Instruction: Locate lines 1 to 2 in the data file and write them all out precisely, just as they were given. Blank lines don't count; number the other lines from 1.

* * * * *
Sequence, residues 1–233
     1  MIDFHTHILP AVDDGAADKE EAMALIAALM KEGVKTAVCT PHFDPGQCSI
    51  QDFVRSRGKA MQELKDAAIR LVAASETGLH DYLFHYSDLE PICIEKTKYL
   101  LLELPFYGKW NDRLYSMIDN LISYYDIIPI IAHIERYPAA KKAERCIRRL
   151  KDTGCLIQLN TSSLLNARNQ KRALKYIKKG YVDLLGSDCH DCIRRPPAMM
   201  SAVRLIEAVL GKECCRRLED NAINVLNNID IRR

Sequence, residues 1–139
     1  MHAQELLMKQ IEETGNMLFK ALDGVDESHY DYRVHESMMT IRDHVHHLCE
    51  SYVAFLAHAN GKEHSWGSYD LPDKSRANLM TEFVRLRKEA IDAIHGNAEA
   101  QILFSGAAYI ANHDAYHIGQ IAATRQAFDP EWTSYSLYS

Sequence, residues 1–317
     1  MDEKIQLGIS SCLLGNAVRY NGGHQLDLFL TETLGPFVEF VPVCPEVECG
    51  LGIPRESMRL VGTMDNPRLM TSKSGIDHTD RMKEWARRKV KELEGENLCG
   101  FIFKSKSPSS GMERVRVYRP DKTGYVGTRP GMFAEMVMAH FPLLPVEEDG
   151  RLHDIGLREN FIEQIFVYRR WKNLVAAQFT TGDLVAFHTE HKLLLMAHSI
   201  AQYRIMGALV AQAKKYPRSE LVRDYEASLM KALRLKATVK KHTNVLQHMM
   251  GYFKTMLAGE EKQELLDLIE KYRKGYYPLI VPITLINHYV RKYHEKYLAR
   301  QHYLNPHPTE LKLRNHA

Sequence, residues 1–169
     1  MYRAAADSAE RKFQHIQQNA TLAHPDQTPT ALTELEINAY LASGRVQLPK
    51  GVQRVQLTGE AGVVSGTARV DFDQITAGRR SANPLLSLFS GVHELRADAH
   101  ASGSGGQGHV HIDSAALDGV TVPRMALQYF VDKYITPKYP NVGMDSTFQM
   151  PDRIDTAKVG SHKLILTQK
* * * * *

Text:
Sequence, residues 1–233
     1  MIDFHTHILP AVDDGAADKE EAMALIAALM KEGVKTAVCT PHFDPGQCSI